And then we have quite a few memorable songs picturised on/around trains. The all time hit “Mere sapnon ki raani kab aayegi tu” from the movie Aradhna shows Rajesh Khanna singing this song for his lover (portrayed by Sharmila Tagore) who is sitting by the window in a railway carriage. Or think of one of the best “item songs” of the recent years, “Chaiyaa Chaiyaa” from the movie Dil Se, in which Shahrukh and Malaika shake their legs on the top of the train. The exquisite locale through which the train passes makes the song a visual delight to watch.

If on the one hand the cinematic appeal of the railways has attracted the moviemakers from a long time, that appeal has also, on the other hand, been creatively situated in the narrative to provide a more nuanced meaning to the movie. It has been used as a metaphor to depict desire, escape, change of life, a beginning, fulfilment of dreams and so on. Those who have seen the movie Pakeezah would recall the whistle of the passing train, which unsettles the character of Meena Kumari. I think, apart from anything else, what provided a real momentous and pushed the narrative of the film further was this passing train, which both unnerved and rekindled a hope in Meena’s character. She was then reminded of the past (the opening scene of the movie) in which while travelling on the train she was complimented for her beautiful feet. That memory, which the passing train always revived, was central to any of her hopes to get out of her present situation (a change in her world).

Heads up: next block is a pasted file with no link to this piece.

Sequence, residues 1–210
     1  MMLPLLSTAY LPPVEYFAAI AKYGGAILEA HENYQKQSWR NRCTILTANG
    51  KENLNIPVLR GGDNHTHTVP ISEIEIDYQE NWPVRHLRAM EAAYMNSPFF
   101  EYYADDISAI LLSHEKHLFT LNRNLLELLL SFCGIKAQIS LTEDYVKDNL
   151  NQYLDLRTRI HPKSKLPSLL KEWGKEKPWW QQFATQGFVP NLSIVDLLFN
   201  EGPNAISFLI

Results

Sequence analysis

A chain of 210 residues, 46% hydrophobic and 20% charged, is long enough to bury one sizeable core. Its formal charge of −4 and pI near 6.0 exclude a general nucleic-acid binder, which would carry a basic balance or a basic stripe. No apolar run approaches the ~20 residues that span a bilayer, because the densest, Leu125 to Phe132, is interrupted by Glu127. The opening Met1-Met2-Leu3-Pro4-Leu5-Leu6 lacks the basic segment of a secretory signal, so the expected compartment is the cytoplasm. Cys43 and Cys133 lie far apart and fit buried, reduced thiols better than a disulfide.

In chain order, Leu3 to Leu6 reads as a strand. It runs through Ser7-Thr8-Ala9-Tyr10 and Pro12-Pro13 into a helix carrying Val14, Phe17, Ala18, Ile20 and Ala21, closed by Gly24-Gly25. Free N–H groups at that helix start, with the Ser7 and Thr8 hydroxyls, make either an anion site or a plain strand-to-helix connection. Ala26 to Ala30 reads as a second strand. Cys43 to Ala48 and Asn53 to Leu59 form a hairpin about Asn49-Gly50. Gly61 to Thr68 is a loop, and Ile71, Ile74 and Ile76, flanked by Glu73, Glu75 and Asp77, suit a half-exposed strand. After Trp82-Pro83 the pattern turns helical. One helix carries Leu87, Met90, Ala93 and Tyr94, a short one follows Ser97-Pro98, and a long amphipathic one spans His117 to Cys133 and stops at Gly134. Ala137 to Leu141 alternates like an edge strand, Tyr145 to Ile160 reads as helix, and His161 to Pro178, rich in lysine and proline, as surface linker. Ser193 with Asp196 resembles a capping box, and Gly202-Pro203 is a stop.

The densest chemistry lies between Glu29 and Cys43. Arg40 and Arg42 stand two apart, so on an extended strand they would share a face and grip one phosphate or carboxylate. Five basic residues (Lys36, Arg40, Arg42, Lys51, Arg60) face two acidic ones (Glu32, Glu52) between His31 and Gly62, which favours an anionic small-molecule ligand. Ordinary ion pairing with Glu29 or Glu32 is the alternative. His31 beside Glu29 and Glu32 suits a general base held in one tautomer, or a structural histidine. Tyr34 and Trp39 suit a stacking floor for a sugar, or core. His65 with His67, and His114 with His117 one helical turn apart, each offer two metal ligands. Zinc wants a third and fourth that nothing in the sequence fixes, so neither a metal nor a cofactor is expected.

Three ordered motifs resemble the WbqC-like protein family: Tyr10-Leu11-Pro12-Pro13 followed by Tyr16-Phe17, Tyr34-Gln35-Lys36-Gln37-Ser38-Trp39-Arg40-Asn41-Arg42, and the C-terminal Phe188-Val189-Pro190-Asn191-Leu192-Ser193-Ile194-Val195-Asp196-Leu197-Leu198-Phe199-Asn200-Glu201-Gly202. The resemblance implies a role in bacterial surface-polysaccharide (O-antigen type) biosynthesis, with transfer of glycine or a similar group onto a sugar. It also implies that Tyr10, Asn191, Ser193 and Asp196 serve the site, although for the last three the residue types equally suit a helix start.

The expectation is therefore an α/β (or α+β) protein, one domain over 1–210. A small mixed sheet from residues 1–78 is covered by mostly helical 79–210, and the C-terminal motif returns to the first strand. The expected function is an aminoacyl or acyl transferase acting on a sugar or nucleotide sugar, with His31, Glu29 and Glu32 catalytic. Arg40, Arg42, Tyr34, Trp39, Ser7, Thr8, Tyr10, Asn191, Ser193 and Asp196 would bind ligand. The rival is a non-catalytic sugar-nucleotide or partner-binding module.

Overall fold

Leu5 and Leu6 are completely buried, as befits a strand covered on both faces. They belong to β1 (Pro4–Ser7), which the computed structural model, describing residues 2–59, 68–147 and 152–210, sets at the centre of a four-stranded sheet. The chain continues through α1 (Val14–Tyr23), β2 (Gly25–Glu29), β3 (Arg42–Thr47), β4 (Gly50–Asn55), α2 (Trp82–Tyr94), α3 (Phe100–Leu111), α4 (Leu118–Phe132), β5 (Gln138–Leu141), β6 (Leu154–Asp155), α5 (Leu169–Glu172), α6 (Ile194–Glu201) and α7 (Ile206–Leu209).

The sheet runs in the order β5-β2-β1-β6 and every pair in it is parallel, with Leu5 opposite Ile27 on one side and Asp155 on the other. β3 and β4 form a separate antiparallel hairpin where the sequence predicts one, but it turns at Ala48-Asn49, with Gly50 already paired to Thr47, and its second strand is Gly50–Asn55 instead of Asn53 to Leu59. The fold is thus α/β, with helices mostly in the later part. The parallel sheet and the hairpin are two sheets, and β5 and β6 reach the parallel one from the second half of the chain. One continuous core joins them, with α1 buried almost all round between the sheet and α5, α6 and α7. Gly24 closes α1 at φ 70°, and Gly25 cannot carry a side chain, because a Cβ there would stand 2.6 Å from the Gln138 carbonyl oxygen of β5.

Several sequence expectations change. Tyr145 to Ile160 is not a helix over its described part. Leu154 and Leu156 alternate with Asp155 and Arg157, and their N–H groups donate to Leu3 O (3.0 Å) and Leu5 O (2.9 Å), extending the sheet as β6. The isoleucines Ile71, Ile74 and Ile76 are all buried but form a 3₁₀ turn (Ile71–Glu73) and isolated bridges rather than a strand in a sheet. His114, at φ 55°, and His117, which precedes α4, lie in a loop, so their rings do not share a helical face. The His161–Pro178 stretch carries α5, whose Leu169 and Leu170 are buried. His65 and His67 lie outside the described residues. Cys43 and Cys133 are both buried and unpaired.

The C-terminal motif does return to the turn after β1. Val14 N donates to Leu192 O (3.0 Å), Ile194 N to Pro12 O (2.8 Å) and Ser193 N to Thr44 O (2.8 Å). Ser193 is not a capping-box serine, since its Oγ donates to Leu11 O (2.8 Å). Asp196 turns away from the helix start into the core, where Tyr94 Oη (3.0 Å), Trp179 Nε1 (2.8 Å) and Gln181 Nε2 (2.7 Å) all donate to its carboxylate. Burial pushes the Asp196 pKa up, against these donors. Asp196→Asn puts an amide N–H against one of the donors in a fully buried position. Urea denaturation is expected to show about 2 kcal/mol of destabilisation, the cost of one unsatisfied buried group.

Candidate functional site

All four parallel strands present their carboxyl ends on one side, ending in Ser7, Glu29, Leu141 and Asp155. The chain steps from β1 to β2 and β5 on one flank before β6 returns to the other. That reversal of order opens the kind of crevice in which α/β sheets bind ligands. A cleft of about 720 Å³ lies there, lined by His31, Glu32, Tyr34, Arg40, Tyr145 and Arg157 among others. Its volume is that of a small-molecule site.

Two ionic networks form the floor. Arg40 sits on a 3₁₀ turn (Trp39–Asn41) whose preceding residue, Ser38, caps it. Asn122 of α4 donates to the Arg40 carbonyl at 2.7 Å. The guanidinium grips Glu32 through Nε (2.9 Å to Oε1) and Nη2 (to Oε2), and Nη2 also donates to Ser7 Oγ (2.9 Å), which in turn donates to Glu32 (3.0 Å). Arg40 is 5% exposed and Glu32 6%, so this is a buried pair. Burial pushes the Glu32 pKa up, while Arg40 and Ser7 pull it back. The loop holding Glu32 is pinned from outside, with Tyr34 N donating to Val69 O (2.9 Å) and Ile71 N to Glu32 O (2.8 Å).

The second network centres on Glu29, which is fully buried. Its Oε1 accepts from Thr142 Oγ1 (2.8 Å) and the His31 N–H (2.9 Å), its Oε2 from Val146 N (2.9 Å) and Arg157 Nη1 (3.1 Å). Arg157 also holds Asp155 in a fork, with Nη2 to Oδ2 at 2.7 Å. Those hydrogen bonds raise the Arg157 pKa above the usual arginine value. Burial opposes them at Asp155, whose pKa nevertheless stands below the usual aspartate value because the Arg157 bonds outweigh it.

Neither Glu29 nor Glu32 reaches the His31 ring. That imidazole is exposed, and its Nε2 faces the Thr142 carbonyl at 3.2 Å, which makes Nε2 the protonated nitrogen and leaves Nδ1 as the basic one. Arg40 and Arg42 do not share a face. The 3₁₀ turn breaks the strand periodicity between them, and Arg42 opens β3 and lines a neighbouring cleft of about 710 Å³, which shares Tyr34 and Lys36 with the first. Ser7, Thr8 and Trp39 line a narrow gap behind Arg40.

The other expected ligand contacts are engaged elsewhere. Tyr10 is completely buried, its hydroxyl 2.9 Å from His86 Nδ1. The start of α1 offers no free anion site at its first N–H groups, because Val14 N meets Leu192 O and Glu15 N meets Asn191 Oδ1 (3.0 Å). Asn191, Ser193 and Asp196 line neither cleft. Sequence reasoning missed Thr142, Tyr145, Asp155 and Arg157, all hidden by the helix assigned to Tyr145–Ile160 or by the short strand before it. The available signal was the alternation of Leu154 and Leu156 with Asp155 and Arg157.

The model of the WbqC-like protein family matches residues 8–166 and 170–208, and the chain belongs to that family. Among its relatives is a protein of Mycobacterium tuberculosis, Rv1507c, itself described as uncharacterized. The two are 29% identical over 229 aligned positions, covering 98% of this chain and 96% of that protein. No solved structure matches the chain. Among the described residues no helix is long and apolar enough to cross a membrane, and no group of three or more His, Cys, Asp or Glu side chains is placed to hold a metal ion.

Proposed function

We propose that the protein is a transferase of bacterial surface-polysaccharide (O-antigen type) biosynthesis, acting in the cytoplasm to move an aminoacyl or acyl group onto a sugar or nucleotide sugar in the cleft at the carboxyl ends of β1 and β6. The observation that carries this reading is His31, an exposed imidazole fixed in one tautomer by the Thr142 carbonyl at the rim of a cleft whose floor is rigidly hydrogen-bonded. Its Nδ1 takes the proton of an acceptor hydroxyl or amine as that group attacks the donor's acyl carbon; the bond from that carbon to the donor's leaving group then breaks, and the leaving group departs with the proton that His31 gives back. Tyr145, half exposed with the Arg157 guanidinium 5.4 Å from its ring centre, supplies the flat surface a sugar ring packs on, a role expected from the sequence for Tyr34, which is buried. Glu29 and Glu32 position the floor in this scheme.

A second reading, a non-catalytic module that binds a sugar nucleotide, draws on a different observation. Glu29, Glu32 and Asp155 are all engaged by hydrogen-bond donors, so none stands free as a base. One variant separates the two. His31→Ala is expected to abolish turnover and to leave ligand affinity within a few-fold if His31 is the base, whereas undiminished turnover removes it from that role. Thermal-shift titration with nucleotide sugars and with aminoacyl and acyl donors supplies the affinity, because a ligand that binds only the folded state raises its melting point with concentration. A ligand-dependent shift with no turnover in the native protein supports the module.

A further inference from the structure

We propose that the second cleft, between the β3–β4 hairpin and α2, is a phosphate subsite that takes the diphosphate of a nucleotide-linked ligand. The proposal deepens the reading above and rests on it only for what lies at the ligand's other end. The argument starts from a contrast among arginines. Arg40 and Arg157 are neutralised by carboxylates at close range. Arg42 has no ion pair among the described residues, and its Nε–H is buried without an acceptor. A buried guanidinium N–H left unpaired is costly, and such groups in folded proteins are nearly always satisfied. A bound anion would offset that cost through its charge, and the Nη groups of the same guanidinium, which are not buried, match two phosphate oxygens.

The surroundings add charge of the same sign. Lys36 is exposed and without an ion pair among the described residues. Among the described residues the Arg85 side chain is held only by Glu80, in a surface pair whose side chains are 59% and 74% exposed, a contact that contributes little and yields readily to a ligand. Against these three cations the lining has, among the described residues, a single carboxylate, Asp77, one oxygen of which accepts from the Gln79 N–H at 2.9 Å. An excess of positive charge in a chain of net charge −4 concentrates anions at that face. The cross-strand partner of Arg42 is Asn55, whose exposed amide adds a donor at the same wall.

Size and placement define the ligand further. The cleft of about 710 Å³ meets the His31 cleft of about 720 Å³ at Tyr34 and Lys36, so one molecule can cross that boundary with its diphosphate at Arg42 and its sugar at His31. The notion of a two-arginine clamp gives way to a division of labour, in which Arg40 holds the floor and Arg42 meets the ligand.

Trains have also been used as carriers of dreams. Raju from the movie Raju Ban Gaya Gentleman (played by SRK) aspires to become successful in his life, and he boards a train to Mumbai. The typical characterisation of Mumbai as a “dream city” in Bollywood is strengthened by this connectivity, which a train provides to a million of aspiring youth to make it big. in their lives. Exodus from small towns, as was the case in a recent movie, Bunty and Bubbly, relies on trains, and then we get some more songs either about trains (“Dhadak dhadak dhuwan udaye rail”) or songs picturised on trains.